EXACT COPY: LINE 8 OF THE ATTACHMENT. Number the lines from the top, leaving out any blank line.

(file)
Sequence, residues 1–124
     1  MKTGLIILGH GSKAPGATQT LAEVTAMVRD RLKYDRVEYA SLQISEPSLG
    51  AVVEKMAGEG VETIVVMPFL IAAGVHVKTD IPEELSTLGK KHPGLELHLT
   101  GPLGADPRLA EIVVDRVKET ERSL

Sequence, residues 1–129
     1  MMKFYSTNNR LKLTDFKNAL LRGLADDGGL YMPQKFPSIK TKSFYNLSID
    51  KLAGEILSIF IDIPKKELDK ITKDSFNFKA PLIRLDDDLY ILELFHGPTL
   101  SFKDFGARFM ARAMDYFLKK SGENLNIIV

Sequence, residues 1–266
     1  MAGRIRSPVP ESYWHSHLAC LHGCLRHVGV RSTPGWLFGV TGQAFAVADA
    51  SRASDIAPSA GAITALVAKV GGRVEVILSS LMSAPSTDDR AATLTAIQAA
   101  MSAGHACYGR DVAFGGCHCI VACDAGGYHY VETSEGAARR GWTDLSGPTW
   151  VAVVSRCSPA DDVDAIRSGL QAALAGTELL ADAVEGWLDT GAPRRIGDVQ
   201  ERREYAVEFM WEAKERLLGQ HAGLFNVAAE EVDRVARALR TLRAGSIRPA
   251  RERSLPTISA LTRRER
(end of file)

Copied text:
   101  SFKDFGARFM ARAMDYFLKK SGENLNIIV